Assorted styles swing into jazz ensemble’s program

By Connor Yearsley


Today’s Baylor Jazz Ensemble concert will have a little bit of everything.

“I like to have an eclectic program,” said Alex Parker, director of jazz studies at Baylor.

Parker said he likes to keep the programs diverse because he wants audience members of different ages to hear something from their era. The wide range of pieces allows the students to learn different styles, and it means that if audience members don’t like what they’re hearing now, the next chart will be new and different.

“We’re playing everything from big-band music to Radiohead and everything in between,” Parker said.

Parker said he’s excited about the concert, as usual.

“I love to play,” he said. “The rehearsals and the process of putting it all together are also a lot of fun, but the payoff is to be able to perform for people. Always excited about a performance.”

Parker said “Kid A” by Radiohead is the most unconventional chart the ensemble will play at the concert. He said a former professor of his commissioned the big-band arrangements of a lot of Radiohead’s music and recorded them on an album. The piece is one of those arrangements.

“Radiohead music lends itself very well to the jazz language,” he said. “It’s very easy for them to put that together because it does have similarities.”

Daniel Gerona, sophomore trumpet player in the band, said he thinks “Kid A” is his favorite.

“It’s my first time playing this kind of music,” Gerona said. “The sounds we get from this are different than other stuff.”

Mark Utley, senior drummer in the band, also said he likes “Kid A.”

“Radiohead is one of my favorite bands and this is a really fantastic arrangement,” Utley said. “It sounds really fresh and there is a lot of room for creativity in it.”

Parker said it’s hard picking his favorite chart from the program.

“I like them all because I got to pick them,” Parker said. “They’re all so different. I’m a huge fan of Thad Jones, so I like ‘Don’t Git Sassy.’ I like the more modern-jazz feel that’s in ‘Kayak’ and ‘Spirit Music.’ The Radiohead tune is really cool, too. It’s hard for me to say I have a favorite though.”

Parker has some ideas about what the audience might like best.

“I think everybody will definitely like ‘Don’t Git Sassy,’” he said. “It’s just a fun, swinging chart. ‘Willowcrest’ is fast and furious.”

Utley agreed that “Don’t Git Sassy” will be popular.

“It’s a chart that feels really good when we get the groove down, and the melodies will get stuck in the audience’s head, for sure,” Utley said.

Parker said the variety of music on the program, including a very pretty ballad in “To You,” swing charts, modern straight eighth-note style, jazz waltzes and fast-to-slows, all help the band improve as musicians. He said the band has also been working a lot on improvisation.

Gerona said he’s soloing on “Spirit Music.”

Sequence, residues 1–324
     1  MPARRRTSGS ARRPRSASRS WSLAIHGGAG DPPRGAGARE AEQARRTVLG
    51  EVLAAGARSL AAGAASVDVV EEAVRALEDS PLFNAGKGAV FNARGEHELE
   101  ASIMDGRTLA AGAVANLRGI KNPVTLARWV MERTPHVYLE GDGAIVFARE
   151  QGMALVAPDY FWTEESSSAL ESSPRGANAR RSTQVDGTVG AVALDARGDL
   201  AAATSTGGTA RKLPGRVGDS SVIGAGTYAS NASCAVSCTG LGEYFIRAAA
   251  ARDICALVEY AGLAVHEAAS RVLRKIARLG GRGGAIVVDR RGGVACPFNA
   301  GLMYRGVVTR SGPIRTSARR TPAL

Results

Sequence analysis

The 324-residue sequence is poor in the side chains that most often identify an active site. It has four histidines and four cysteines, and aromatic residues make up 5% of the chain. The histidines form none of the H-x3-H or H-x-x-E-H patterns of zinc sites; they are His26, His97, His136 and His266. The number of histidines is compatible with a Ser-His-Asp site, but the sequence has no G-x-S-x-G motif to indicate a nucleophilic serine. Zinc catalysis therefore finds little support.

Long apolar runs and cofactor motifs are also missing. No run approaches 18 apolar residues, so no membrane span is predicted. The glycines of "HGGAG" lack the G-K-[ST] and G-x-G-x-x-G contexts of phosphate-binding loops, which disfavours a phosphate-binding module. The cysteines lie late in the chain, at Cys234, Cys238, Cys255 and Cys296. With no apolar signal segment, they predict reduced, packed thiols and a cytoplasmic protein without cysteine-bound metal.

“I’m just starting to learn to improv,” Gerona said.

He said he’s learning to play over the chords and trade back and forth with the band.

“I’m learning how to play off what the band plays,” Gerona said.

Utley said he has a few solos in “Willowcrest” and one in “Kid A.” Both of them are jazz waltzes (swing in 3/4 time).

“Melody is the most important thing to remember when soloing, no matter what the instrument,” Utley said. “I like to sing what I am playing in my head while I play it. If it is something that you would sing, then it is probably melodic.”

Parker acknowledged there are some difficult pieces on the program.

“I think probably the most challenging technically is ‘Don’t Git Sassy,’” he said. “The most challenging stylistically is ‘Spirit Music.’”

Utley said he thinks “Willowcrest” or “Dance for Life,” the third movement of “Spirit Music,” are the most challenging.

“‘Willowcrest’ is tough because it is long, in 3/4 [time], and has an irregular form, so everyone has to stay focused constantly,” he said. “‘Dance for Life’ is hard because the feel is very different from the stuff we are used to playing and there is a lot of layered material.”

Also on the program is “The Jazz Calling” by John Clayton.

Parker said he thinks the band is ready.

“It’s going to be a fun concert,” Parker said. “They’re playing very well. They love the music and it shows. And they’re going to really perform it. And they always have a great time performing.”

Utley said he’s really looking forward to the performance.

“I’m very excited, mostly because this is a huge departure from the kind of stuff we played on our last concert, which was all from the Swing Era,” he said.

Parker has some advice for people considering going to the concert.

“Bring lots of people,” he said. “I think they’ll find something they really enjoy at this concert.”

Gerona agreed.

“It’s going to be a good concert,” he said.

The concert will begin at 7:30 p.m. in Jones Concert Hall in the Glennis McCrary Music Building and is free and open to the public.